View synonyms for supervisor


[ soo-per-vahy-zer ]


  1. a person who supervises workers or the work done by others; superintendent.
  2. Education. an official responsible for assisting teachers in the preparation of syllabuses, in devising teaching methods, etc., in a department of instruction, especially in public schools.
  3. (in some U.S. states) the chief elected administrative officer of a township, who is often also a member of the governing board of the county.


/ ˈsuːpəˌvaɪzə /


  1. a person who manages or supervises
  2. a foreman or forewoman
  3. (in some British universities) a tutor supervising the work, esp research work, of a student
  4. (in some US schools) an administrator running a department of teachers
  5. (in some US states) the elected chief official of a township or other subdivision of a county
  6. obsolete.
    a spectator

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Derived Forms

  • ˈsuperˌvisorship, noun

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Other Words From

  • super·visor·ship noun
  • pre·super·visor noun

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Word History and Origins

Origin of supervisor1

1425–75; late Middle English < Medieval Latin supervīsor, equivalent to supervid-, stem of supervidēre to supervise + -tor -tor, with dt > s

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Example Sentences

A trained bipartisan team appointed by the election supervisor would travel to residential care facilities and help residents fill out absentee ballots.

While the attorney general is not the woman’s direct supervisor, a “significant power imbalance” exists between two state employees, Majmudar said.

Miles Himmel, a Desmond spokesman, said the supervisor doesn’t endorse all the opinions shared on his podcast and gets his data from the county, though Stegall found his numbers haven’t always matched up with those provided by county officials.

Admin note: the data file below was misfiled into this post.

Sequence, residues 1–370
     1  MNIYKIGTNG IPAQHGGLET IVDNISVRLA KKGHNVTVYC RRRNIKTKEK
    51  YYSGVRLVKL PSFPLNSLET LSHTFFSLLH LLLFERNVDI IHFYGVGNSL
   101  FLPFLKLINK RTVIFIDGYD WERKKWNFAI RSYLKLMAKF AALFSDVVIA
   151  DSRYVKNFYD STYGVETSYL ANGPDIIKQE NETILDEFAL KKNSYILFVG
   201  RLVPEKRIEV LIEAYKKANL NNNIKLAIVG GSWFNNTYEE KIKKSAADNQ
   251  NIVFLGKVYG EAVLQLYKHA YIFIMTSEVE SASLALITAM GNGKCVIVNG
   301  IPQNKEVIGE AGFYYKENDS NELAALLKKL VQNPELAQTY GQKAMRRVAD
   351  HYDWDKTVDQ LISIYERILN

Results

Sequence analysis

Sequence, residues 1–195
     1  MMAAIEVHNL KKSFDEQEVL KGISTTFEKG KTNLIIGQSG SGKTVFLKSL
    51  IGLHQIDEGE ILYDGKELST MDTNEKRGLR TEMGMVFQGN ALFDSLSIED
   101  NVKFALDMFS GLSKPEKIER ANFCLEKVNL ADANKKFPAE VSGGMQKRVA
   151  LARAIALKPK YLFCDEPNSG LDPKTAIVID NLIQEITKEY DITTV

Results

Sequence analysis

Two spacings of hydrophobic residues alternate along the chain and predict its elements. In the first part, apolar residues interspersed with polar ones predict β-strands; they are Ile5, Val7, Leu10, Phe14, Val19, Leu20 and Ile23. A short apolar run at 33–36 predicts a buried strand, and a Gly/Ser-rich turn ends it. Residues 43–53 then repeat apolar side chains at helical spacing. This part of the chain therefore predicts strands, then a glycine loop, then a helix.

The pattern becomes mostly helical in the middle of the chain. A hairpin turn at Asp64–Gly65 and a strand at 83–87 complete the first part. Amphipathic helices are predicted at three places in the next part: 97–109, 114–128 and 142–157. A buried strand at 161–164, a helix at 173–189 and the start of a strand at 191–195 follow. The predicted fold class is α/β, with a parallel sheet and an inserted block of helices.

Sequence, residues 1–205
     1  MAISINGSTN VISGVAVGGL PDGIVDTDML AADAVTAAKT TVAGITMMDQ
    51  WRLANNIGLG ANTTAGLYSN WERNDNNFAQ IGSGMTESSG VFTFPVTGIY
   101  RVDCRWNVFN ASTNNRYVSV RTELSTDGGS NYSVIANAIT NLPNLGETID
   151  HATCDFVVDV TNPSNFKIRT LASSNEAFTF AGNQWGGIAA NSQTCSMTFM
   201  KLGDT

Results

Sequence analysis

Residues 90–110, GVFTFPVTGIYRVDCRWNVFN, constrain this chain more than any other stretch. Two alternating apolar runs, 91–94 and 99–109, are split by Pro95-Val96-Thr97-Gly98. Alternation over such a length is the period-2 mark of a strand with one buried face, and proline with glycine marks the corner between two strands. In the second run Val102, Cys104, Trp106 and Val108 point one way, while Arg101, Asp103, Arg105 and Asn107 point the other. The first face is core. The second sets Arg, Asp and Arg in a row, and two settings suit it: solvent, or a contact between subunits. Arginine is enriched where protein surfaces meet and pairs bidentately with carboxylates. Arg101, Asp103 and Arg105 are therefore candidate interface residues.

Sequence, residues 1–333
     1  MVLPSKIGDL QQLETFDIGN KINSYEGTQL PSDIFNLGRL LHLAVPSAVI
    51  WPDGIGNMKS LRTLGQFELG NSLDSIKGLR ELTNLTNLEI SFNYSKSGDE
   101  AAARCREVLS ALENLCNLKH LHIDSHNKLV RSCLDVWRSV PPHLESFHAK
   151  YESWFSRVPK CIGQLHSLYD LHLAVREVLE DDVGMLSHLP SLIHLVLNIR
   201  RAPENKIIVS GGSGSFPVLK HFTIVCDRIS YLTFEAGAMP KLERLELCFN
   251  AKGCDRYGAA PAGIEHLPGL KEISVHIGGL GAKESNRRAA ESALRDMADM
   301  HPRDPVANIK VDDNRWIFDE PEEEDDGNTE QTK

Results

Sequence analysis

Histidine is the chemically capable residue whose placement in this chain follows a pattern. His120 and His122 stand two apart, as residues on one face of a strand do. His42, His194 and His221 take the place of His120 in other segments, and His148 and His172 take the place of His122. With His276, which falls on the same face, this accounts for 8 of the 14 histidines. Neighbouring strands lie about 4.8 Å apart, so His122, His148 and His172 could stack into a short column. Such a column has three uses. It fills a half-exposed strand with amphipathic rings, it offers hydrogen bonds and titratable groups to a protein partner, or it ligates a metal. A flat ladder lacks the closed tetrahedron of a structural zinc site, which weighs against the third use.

The “commanders” are the supervisors of this organization, which, to my knowledge, does not even exist.

From Ozy

Rather than roll over and go along with the other supervisors, she asked tough questions.


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More About Supervisor

What does supervisor mean?

A supervisor is someone who oversees and provides direction for someone or something.

More simply, a supervisor is someone who supervises. It’s most commonly used in the context of the workplace to refer to a type of manager who supervises other employees.

The adjective supervisory describes things that involve supervision. A supervisor’s role can be described as supervisory.

Supervisor can be used more specifically in the context of education to refer to a type of official or tutor or in the context of government to refer to a type of elected local official who serves on a board with other supervisors.

Example: The key to being a good supervisor is to give your employees enough space to do their jobs, instead of constantly standing over their shoulders.

Where does supervisor come from?

The first records of the word supervisor come from the 1400s. Its base word, supervise, ultimately comes from the Medieval Latin verb supervidēre, meaning “to oversee.” In fact, the word supervise quite literally means the same thing as oversee—the prefix super- means “over” or “above,” and the Latin verb vidēre means “to see” (the English word vision is based on the same root).

Sometimes, supervisors literally watch from above—like a supervisor supervising their employees from an office above the factory floor. In most cases, though, a supervisor simply closely oversees projects and the people working on them to make sure everything is proceeding as planned and that everyone is doing what they should be. A supervisor is often considered a boss, but supervisors almost always have bosses themselves. A supervisor is often a person who used to do the same job they are supervising.

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What are some words that often get used in discussing supervisor?


How is supervisor used in real life?

Supervisor is most commonly used in the context of the workplace.



Try using supervisor!

Which of the following things should a person NOT do if they’re a supervisor?

A. watch over
B. provide guidance
C. keep an eye on things
D. ignore the situation




supervision ordersupervisory